What do you call a South Pacific island paradise on a grey, windswept day?
You call it still gorgeous. And also, Iles Des Pins – or Isle of Pines in English.
A part of New Caledonia, the island (called Kwenyii in the local Kanak dialect) has around 2,000 residents – mainly Melanesian Kanaks. Like its sister islands in New Caledonia, it has a rich and storied history involving both local people and European influences.
It was named by James Cook, who didn’t stop – but spotted the island’s eponymous pine trees as he sailed past. Then, in the 1850s, it became a French colony, like much of the South Pacific. Since then, it’s been a penal colony, a small-scale agricultural site, and finally a tourist destination.
It’s also host to a Le Meridien resort and a handful of other guest houses and small hotels – but almost all of the visitors are day-trippers coming ashore from cruise ships, who spend a scant few hours on the island before reboarding their floating hotels and sailing away.
Many take advantage of the tours and excursions organised by the cruise lines – such as trips to the ruins of a penal colony established in the 1870s by France, to house prisoners deported after the brutal crushing of the Paris Commune.
The ruins are at the village of Ouro, on the western side of the island, and are considered a ‘must see’ by many, as is the village of Vao, home to the Notre Dame de l’Assomption Catholic Church.
Other attractions include natural caves, and craft village stalls, and the Piscene Naturelle, reportedly one of the best snorkeling spots in the South Pacific – but it was closed on the day we visited.
So we chose, instead, to swim and snorkel at Kanumera Bay – just 500 metres or so from the dock.
And even though it wasn’t the best day, weather wise, it was an extraordinary experience.
The waters were crystal clear, the sands were clean and bright, and while hundreds of tourists had disgorged from our ship (the Carnival Spirit), there was enough room that it didn’t feel crowded – unlike the cheek-by-jowl jostling that you often get at cruise destinations.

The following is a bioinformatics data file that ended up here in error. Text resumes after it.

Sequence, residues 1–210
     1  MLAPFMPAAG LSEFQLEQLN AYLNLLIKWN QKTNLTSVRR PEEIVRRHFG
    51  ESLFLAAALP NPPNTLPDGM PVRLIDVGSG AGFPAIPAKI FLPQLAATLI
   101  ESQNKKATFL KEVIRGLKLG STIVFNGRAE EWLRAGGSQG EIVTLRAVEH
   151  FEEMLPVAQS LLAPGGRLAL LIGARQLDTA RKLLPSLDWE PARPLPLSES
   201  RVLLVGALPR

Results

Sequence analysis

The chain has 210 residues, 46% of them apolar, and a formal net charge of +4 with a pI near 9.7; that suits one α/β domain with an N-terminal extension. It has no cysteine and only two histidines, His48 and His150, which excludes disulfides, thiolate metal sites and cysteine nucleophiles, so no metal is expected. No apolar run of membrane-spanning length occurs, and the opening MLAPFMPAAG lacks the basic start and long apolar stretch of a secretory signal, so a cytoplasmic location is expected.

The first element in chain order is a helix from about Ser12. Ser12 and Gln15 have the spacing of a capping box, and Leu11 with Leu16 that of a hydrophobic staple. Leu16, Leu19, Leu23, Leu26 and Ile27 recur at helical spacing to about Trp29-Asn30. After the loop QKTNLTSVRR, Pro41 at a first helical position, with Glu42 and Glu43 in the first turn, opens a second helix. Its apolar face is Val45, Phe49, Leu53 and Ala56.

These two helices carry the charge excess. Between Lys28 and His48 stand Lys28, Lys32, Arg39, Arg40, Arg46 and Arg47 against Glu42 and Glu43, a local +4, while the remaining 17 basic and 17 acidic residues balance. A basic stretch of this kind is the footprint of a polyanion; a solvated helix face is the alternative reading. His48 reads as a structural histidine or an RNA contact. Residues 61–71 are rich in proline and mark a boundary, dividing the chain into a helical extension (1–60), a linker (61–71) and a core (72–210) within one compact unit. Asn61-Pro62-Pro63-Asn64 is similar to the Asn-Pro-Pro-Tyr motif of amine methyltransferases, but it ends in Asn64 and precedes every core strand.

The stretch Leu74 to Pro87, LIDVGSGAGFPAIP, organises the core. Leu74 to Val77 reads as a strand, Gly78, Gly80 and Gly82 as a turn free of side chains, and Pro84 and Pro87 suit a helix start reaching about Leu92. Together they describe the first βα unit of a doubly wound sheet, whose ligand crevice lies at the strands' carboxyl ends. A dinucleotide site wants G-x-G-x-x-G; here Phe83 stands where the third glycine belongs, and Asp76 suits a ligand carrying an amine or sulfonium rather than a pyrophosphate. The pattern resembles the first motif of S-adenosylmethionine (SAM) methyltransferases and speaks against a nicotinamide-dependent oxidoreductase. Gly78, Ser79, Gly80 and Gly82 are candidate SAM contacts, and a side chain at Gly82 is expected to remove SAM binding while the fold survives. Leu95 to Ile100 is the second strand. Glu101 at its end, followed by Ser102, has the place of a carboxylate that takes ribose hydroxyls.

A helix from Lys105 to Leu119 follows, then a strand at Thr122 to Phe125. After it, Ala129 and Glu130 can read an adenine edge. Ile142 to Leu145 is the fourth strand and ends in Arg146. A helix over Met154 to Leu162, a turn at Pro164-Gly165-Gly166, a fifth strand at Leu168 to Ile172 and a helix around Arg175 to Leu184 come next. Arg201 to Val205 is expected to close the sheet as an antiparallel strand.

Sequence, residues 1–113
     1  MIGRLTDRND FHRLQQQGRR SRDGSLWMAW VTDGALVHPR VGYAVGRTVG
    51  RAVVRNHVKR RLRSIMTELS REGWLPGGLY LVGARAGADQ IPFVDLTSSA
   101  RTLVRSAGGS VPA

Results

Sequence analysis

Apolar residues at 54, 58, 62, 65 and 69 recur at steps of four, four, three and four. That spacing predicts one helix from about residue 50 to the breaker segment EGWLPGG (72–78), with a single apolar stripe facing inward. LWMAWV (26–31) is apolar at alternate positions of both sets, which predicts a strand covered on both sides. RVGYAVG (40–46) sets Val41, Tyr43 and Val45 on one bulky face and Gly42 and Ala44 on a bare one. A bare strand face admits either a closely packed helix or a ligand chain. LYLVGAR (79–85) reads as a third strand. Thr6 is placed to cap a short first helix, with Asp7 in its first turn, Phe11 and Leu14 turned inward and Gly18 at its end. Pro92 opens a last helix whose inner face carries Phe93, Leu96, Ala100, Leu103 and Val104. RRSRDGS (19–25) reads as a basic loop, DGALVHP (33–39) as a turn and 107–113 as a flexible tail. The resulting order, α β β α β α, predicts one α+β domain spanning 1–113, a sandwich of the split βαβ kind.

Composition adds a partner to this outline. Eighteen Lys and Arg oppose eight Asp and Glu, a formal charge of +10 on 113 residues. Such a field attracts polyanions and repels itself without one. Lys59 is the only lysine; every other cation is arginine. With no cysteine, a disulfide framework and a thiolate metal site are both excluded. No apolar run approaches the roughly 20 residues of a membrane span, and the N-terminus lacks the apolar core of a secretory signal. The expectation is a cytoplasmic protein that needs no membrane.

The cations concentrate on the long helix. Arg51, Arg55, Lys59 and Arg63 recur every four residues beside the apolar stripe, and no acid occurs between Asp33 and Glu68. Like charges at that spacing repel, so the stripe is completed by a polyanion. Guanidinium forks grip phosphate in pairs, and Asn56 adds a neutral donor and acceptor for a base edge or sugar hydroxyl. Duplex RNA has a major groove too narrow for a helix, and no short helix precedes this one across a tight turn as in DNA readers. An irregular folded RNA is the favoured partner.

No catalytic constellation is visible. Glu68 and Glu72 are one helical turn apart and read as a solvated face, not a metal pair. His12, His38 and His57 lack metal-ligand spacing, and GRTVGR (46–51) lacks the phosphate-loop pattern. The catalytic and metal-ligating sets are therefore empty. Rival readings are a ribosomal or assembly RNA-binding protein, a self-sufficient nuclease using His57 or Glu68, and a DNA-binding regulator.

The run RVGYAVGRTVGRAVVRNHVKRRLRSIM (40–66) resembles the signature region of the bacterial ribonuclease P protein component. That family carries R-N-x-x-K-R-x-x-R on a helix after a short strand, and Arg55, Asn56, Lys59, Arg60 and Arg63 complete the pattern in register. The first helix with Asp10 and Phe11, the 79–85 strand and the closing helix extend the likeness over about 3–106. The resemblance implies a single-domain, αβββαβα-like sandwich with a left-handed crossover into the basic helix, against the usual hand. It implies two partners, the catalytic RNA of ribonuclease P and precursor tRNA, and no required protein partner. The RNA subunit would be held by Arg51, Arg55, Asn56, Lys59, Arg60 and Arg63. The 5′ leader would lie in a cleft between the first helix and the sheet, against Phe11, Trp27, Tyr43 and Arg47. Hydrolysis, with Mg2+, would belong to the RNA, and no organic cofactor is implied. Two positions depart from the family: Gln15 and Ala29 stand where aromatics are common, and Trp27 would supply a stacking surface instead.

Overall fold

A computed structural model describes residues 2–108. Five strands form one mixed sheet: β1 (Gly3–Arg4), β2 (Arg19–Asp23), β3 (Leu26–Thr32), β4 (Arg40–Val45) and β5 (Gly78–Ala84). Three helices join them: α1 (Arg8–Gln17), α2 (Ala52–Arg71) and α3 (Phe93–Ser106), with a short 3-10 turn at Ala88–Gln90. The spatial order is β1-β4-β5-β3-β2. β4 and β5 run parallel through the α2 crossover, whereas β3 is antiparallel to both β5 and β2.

Of course, if it had been a sunny summer’s day (rather than a somewhat cloudy May) things may have been different – but we weren’t complaining.
The snorkeling wasn’t the best I’ve ever done – but there were plenty of fish, with riots of colour.
As we wandered to the beach, we passed some locals selling salad baguettes for lunch so we bought one, and saved much of the bread after eating the innards. Why? To use one of the best tips I’ve ever been given: seal the bread in plastic wrap, then release some of the crumbs underwater. Another technique that’s been suggested it to use little packs of cracker biscuits that are sealed in cellophane, and crush them carefully still in their individual packs. Then, when you want to attract fish for hand-feeding, tear a corner and gently puff the crumbs out.
We didn’t have any crackers – and hence used bread. The result was as good as expected 🙂
Kanumera Bay is very pretty, and has a small rocky islet at one side. Unfortunately, despite signs urging people not to climb on the ‘Sacred Rock’, some did – ignoring local tradition. Over the years, the influx of tourists to the bay has also damaged the coral just off shore, with large patches of broken coral – too large to be just the result of wave action.
The picture-perfect bay is also host to a number of boutique stores, a small hotel, and deck-chairs aplenty – where cruise ship passengers and other visitors alike can sit, and relax, and take in the scenery – a balm for the soul.
All too soon, or course, passengers have to re-board; the average length of stay is just six hours. But while the time is short, the memories are much longer-lasting. And aren’t those memories the very best tonic?